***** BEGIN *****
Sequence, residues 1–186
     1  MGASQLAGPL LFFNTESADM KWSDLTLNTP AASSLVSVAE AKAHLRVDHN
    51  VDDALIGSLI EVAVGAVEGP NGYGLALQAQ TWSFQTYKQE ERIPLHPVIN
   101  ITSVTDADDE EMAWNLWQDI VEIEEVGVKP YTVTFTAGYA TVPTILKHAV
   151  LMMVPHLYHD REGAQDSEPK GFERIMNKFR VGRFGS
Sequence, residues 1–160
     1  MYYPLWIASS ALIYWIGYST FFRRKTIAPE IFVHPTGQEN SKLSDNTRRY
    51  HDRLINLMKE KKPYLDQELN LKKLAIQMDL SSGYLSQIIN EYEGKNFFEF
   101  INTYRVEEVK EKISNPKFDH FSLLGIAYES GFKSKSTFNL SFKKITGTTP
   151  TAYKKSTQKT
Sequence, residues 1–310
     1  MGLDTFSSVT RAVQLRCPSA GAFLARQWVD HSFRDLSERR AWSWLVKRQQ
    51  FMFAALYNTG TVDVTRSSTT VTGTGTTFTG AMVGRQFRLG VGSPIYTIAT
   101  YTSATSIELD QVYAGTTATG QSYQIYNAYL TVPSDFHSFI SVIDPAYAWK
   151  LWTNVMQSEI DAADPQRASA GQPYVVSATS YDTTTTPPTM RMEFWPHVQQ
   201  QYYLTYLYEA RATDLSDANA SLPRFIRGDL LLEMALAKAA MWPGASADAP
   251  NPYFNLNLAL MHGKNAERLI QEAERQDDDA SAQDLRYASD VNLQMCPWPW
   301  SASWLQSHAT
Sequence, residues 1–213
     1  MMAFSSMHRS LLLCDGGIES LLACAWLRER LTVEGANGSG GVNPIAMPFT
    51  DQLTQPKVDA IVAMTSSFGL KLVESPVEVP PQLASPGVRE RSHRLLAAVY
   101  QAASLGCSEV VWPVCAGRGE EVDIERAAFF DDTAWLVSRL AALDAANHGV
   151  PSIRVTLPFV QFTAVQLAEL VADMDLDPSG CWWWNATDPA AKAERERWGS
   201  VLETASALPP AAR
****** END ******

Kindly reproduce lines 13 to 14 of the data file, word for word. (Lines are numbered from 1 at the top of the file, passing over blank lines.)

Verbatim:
    51  FMFAALYNTG TVDVTRSSTT VTGTGTTFTG AMVGRQFRLG VGSPIYTIAT
   101  YTSATSIELD QVYAGTTATG QSYQIYNAYL TVPSDFHSFI SVIDPAYAWK